Reclaim your ground and take back the customer.
CBA’s Get It Local Today! program is poised to arm Christian retail stores with the ammunition they need to do battle against Amazon’s online attack by countering the online giant’s only defense—good price and immediate availability.
Stores that participate in Get It Local Today! will capitalize on their ability to provide immediate service by telling customers where they can find a nearby store with the product they’re looking for, in-hand, right away.
To level the pricing battlefield, Sue Smith, store manager of Baker Book House, Chuck Wallington and Zach Wallington of Christian Supply, and Erik Ernstrom, business intelligence manager at The Parable Group spoke with Christian MARKET about whether stores should price-match Amazon in “To Price-Match Amazon or Not to Price-Match, Part 1.”
The conversation continues with a discussion on how to turn showrooming to brick-and-mortar’s advantage and harness the growing power of the ‘buy local’ movement.
Dealing with showrooming
Practices vary when it comes to showrooming—when in-store shoppers use their phones to price match online deals. Baker Book House is proactive, with staff encouraged to engage shoppers who are on their phone by asking if they can help.
If they are showrooming, customers can sometimes feel a bit awkward, Smith acknowledges, so staff members are coached just to tell them that the store can match anything they might find.
One independent retailer tells how he spoke with a showrooming shopper and found that he just couldn’t price match the online deal. “I shifted gears and discussed Bible cases tabs and other stuff, which she did purchase from me,” he says. “I told her to bring the Bible in when she gets it and we could imprint her name on it for $5. She said she would. Another shot to win her back. [It’s] not a total win, but I’ll take it.”
While those we spoke with recognized that Amazon actions might vary from store to store, they agreed that all retailers need to have the same attitude when it comes to the online retailer.
“I see too many stores that just seem unhappy about Amazon, and that comes across to a customer,” says Ernstrom. “We are Christian bookstores—we should have joy no matter what we are doing. If you are grumpy that someone is asking you to price match, they are going to know that.”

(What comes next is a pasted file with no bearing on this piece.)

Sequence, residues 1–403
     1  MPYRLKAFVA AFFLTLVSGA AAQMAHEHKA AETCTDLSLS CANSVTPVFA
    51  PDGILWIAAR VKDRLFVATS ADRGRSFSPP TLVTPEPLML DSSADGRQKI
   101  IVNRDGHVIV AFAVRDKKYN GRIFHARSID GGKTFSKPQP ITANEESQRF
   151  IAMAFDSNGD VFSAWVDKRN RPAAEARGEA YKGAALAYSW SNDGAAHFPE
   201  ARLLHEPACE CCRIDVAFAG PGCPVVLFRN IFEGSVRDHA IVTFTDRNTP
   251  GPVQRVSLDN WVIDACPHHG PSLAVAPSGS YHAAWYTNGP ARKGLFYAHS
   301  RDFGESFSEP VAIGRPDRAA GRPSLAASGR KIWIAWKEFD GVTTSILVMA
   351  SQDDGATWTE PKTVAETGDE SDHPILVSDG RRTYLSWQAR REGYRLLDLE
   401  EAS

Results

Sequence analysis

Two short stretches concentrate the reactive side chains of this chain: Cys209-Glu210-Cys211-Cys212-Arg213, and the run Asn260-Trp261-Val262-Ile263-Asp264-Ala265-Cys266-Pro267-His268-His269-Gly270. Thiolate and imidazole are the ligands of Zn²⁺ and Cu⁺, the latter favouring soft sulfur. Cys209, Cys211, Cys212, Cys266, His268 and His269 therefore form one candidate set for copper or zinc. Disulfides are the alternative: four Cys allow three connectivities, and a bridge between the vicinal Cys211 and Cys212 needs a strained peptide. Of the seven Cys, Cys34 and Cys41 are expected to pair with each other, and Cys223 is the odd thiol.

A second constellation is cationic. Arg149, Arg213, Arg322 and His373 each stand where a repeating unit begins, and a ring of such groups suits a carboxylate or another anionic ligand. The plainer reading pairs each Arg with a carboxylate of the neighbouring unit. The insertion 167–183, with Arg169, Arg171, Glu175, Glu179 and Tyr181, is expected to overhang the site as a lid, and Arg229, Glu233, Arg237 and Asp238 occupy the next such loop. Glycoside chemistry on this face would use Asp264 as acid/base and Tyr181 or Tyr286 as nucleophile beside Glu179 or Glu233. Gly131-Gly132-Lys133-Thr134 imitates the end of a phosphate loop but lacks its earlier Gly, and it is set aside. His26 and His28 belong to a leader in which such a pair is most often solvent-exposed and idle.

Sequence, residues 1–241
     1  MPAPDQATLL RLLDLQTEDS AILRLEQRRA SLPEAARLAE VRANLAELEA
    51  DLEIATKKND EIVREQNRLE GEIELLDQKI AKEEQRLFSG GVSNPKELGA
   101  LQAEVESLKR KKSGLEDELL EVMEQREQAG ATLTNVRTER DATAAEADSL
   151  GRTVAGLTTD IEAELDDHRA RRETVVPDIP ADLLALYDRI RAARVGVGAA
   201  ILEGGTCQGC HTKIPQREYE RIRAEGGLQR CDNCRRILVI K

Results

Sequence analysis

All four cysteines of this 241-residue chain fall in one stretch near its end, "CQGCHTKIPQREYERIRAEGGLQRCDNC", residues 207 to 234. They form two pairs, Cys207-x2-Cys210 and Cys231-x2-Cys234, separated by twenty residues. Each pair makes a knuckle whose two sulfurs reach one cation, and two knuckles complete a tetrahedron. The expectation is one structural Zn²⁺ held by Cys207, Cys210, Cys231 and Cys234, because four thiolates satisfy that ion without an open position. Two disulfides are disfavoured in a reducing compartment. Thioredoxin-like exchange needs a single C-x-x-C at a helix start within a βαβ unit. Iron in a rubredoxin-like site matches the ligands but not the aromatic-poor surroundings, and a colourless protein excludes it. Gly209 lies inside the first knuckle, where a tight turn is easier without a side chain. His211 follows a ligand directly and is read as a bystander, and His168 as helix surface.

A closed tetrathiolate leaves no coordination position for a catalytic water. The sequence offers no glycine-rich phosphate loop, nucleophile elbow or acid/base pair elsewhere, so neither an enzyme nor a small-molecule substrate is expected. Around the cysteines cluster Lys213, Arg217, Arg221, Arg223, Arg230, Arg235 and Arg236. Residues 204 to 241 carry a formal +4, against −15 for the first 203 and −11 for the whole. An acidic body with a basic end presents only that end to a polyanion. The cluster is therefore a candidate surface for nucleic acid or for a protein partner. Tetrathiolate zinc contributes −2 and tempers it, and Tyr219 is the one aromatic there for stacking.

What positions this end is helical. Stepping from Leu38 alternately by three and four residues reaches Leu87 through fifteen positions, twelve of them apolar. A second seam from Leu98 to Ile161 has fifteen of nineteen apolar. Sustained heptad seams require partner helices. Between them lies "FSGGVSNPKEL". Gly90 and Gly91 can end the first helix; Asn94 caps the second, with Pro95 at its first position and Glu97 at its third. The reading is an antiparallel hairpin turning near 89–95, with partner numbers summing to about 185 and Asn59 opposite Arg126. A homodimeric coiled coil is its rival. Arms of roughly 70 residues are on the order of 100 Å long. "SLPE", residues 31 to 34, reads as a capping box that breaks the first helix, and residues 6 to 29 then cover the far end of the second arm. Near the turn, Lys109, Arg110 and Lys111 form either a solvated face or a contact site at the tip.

Baker Book House has a don’t-criticize-online-shopping policy that extends to not bad-mouthing publishers for internet sales, either. “You have to play the game,” says Smith. “Call the publishers and see if you can get a discount.” Many times suppliers are willing to work with stores as much as they can because of the potential additional in-store sales, Ernstrom agrees.
That good attitude needs to extend to dealing with local churches that may be buying from Amazon, he adds: Keep in mind that they might be shopping online because they think they are getting the best deal there. Remember too that they are probably trying to be good stewards of their money—a perspective that presents an opportunity to explain how your store might be able to serve them better, rather than just seeming whiny.
Promoting ‘buy local’
An additional card that indies can play against Amazon—carefully—is the support-the-community one. Ernstrom points to the growing “buy local” movement, which argues that big chains are ultimately bad for communities because the money they take in doesn’t stay in the area in the same way.
If you have a good relationship with a local church, he says, you might be able to point out that your store not only supports it by resourcing its members, but sometimes indirectly employing them and making it possible for them to tithe.
Ernstrom recalls once taking a slightly edgy approach with one regular shopper looking for a commentary set. Having agreed to give a sizable discount to price-match, he rang up the transaction, placed the books in a bag and put it behind the counter, tongue-in-cheekily telling the customer, “You can come and get it in five to eight working days.”
Having made the point that buying at brick and mortar meant not having to wait to get the product, he then handed it over.
Sometimes stores are even more direct. When a shopper told one independent she would get what she wanted from Amazon rather than have the store order it, he told her, “Yes ma’am, you can, and you can also buy a Playboy and Koran while you’re there.”
This “isn’t my normal strategy,” he concedes, “but I figure if they are bold enough to throw Amazon in my face, I might as well let them know where I’m coming from. They don’t understand how it affects us as retailers until you make them aware of it. Then when we’re closed, they wonder where we went.”
Good merchandising is another effective anti-Amazon strategy, says Ernstrom, because it can counter the received wisdom that the online retailer is cheaper on everything. Actually, it’s usually only the top 150 or so frontlist items, notes Wallington.
“You always have to have things on sale; if everything is full price you’ll never win,” says Ernstrom, while recognizing that the kneejerk Amazon-costs-less mentality is tough to counter. Nevertheless, “you have to have sales throughout the store—every section, every endcap. If they get the impression everything is full price, they are going to think they can get it cheaper somewhere else.”